As one of the most popular recent Stephen King movie adaptations, the 2017 big screen version of IT, and IT: Chapter Two in 2019, it is hard to imagine that the movie could have been done much better if it had been made by original director Cary Fukunaga. However, speaking to The Hollywood Reporter in the run up to the release of Daniel Craig's final outing as James Bond in No Time To Die, it appears that Fukunaga had a much different vision in mind for King's evil clown.

The original plan for IT saw Cary Fukunaga and Chase Palmer spending a number of years scripting out the movie that they wanted to make. Will Poulter had been cast as Pennywise, and the project was only potentially days away from filming when the director jumped ship and that version of the movie fell apart, making way for Andy Muschietti to come in and bring Bill Skarsgard's Pennywise to screens in the version of the move that we were given. So how different would Fukunaga's version have been?

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"I was on that for four or five years with Warners and then it got moved to New Line, right before we were about to go into production," Fukunaga told THR. "I think New Line's view of what they wanted and my view of what I wanted were very different. I wanted to do a drama with horror elements, more like The Shining. I think they wanted to do something more [pure horror] like Annabelle [from the Conjuring films]. That was essentially the disconnect."

For fans of Stephen King's original novel, it is possible to see how the text could be interpreted in a number of ways, and going down a psychological route is always a real possibility with King's best works. His stories centre on the human characters and horror they face both externally and internally over the course of the story. Pennywise the Clown and his manifestations are in many ways like the dinosaurs in the original Jurassic Park, their presence is felt more than they are seen, so there could well be a way to constantly have cranked up the suspense similar to how Kubrick developed the standard haunted hotel story of The Shining and made it into an escalating and relentless traumatic event.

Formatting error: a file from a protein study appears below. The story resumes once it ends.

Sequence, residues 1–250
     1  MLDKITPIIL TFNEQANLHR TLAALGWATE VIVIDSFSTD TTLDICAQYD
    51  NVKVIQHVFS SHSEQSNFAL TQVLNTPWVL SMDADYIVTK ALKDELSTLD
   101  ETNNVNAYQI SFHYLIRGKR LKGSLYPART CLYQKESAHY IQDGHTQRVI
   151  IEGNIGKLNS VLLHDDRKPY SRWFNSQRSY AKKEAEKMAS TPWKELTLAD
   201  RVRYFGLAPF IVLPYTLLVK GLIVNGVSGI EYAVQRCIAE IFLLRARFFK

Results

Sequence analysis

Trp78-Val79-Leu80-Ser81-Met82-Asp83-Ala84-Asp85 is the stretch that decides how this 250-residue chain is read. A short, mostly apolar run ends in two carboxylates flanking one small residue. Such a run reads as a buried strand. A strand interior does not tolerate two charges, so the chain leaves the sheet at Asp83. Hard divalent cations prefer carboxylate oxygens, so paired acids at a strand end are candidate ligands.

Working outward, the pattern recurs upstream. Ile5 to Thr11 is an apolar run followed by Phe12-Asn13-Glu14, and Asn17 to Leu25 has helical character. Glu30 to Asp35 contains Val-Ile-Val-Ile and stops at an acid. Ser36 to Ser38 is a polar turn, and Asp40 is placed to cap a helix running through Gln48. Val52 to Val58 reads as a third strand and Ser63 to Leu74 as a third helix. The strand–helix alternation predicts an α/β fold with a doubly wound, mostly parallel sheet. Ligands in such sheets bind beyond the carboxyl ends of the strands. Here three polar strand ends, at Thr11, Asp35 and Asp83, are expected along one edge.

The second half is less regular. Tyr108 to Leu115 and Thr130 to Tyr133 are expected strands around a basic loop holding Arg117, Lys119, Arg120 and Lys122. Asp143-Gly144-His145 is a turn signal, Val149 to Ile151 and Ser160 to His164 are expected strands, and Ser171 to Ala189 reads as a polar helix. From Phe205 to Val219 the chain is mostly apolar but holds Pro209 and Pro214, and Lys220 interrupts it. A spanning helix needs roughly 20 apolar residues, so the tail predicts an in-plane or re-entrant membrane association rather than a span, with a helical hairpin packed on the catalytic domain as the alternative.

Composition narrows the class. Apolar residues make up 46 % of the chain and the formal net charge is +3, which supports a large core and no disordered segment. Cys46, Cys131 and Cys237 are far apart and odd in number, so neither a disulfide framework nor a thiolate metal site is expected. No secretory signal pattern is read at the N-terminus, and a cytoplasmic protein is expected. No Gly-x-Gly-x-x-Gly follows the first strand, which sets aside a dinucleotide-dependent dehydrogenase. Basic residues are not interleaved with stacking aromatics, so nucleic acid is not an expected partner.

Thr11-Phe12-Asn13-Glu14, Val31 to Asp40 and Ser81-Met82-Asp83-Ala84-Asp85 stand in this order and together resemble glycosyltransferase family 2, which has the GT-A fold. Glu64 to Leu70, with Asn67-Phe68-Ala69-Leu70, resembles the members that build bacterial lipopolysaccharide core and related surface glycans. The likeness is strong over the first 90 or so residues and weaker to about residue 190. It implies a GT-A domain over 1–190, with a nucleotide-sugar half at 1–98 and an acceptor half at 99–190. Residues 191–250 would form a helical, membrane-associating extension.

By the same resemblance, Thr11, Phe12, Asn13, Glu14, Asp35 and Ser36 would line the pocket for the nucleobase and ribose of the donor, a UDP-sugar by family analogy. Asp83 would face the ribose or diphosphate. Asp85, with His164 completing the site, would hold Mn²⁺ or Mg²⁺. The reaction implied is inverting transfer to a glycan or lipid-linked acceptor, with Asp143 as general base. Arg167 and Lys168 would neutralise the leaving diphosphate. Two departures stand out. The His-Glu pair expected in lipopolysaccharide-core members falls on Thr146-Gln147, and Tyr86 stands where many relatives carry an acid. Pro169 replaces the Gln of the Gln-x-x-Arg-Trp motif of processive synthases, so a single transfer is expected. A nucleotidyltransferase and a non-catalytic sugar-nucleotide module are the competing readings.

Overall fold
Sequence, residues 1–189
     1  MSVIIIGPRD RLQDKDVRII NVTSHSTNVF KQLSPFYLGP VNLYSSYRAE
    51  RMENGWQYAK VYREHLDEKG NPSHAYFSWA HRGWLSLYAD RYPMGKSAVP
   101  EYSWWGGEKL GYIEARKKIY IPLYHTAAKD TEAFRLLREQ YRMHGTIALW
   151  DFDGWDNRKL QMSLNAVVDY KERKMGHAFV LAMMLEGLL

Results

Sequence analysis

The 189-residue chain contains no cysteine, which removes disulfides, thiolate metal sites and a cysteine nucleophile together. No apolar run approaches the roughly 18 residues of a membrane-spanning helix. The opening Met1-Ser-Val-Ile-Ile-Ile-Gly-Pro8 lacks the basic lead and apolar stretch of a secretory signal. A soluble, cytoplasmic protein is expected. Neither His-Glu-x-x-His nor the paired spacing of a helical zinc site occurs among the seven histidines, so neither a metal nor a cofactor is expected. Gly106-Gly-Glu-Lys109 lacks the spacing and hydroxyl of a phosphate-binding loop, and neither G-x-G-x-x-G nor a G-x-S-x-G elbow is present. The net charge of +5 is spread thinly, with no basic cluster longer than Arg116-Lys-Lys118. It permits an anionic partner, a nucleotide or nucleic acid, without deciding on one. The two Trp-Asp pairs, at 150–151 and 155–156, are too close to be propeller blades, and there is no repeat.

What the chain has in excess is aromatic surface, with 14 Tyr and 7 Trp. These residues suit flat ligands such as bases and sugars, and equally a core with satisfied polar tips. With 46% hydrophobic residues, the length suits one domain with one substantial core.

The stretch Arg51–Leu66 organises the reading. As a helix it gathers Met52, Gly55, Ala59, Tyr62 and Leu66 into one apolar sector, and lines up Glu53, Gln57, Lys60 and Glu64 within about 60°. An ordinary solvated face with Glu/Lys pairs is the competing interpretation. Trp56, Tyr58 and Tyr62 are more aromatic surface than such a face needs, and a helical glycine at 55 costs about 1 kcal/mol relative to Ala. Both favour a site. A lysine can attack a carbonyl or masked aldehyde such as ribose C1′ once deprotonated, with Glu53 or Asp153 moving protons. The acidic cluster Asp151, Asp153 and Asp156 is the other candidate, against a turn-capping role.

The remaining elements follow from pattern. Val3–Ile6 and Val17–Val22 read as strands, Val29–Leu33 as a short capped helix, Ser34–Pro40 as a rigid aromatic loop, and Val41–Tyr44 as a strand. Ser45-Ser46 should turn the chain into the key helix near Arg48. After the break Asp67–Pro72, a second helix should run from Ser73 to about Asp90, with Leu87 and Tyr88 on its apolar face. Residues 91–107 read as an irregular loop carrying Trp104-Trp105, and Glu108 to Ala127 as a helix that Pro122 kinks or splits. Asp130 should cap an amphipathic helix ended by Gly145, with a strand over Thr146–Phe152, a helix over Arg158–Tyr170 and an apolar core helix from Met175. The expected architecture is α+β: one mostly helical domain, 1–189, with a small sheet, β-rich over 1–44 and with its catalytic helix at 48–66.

As it was, IT's arrival in cinemas in the form we got cannot be called anything other than a triumph. The movie grossed over $700 million off the back of its measly $35 million budget, making it the most successful King movie ever released in North America, the movie with the highest grossing R-rated opening weekend and numerous other records. IT Chapter Two had a higher budget of around $79 million and grossed $473 million two years later, and while it received more mixed reviews and clearly didn't make quite as profitable as its predecessor, the film was certainly no flop. While it would have been interesting to have seen Fukunaga's vision on screen, it is doubtful that the end result would have been any more lucrative or satisfying than what we got instead.

While IT can be seen across multiple streaming platforms, the Fukunaga-directed James Bond blockbuster No Time To Die will be bringing Daniel Craig's swansong to theaters on October 8th in the US, almost two years on from its originally planned release date of November 2019. This news originated at The Hollywood Reporter.